phil gollin

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There is a recently published book “History of Air-to-Air Refuelling” (which isn’t what it says, but is really a TECHNICAL history of Flight Refuelling Limited).

Here is a summary of what it says about the Tiger Force Lancasters and flight refuelling (there are pages and pages of technical drawings and explanations showing how the system worked) from pages 24 to 34. It covers a lot about the pre- and early-war work by Flight Refuelling Limited, but the following is only really about work associated with the far-east war :-

In 1942 the US Army Air Corps placed an order for a set of tanker and receiver equipment for a B-24 tanker and B-17 receiver aircraft. These conversions were complete and flight trials commenced in April 1943. The B-17’s range being “increased to 5,800 miles with full bomb load”. It was planned to take off from the Aleutians and land in China. These plans seem to have come to naught because of the time required to convert the aircraft and train crews and the coming of the B-29.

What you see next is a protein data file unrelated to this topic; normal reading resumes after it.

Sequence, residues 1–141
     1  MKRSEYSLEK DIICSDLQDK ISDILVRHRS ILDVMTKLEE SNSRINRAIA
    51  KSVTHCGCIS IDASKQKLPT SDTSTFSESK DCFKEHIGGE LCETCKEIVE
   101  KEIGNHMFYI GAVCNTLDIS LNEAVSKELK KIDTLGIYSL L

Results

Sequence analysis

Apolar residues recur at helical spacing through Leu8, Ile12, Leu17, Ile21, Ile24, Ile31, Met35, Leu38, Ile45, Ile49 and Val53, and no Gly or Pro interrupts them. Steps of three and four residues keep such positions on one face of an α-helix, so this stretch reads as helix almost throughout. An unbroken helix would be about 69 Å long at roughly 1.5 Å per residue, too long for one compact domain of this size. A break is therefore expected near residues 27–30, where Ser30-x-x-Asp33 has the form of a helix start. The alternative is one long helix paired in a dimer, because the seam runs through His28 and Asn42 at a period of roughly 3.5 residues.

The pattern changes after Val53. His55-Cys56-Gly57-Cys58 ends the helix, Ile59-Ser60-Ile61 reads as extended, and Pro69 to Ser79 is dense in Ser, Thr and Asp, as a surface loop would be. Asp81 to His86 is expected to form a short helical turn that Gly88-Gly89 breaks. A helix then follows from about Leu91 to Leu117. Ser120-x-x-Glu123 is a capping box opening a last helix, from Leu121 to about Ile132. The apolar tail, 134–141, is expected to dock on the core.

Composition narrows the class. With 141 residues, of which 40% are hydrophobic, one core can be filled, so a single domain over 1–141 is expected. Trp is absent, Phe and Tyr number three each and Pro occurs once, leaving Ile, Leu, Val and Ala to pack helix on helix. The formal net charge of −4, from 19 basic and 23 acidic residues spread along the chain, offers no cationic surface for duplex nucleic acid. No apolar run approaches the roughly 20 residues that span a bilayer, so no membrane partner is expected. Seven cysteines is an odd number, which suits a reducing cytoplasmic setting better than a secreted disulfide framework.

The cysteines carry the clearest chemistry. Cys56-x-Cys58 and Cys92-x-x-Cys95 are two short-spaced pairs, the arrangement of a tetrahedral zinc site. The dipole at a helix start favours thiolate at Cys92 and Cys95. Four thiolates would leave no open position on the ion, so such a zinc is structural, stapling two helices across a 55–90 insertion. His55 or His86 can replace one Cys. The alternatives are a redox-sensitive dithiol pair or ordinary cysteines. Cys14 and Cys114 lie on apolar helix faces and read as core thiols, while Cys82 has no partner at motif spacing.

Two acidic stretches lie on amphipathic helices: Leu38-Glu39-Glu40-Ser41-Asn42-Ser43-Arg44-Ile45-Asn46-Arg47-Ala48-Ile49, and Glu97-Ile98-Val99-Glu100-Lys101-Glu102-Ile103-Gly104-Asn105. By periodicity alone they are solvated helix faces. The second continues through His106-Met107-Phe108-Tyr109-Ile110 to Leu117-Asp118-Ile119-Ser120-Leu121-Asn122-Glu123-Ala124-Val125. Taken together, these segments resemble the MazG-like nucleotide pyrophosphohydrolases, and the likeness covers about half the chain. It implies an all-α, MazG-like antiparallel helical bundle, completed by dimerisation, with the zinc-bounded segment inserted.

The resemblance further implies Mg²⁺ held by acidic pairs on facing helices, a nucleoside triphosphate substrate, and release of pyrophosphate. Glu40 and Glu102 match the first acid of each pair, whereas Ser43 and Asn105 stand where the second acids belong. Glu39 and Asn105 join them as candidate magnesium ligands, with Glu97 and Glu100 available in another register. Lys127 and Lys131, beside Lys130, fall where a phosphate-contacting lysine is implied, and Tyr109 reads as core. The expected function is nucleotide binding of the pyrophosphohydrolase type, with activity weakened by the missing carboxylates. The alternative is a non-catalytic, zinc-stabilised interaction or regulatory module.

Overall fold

In the “latter part of 1943” there were plans made for the RAF to bomb Japan from bases in Burma. By 1944 it was decided that these were to be Lancasters equipped with the pre-war looped hose system (as were the B-17 and B-24). In January 1944 three different designs had been prepared, the third of which was adopted. In this the hose-drum and equipment was placed towards the front of the aircraft and the fuel supply consisted of two 640 imperial gallon (2,880 litres) tanks in the bomb bay.

50 sets of equipment were ordered for development and training. It was then intended to convert a total of 500 tanker and receiver aircraft to mount the long-range operations.

Originally the force was to be called “The Long-Ranged Force”

The prototype tanker (PB.972) and receiver (ND.648) aircraft had both been successfully flown by November 1944.

Not only were the two bomb bay tanks available, but also the Port and Starboard Inboard wing tanks (580 gallons [2,880 litres] in each)

The average fuel transfer rate was “better than100 imperial gallons (450 litres) per minute”.

AND;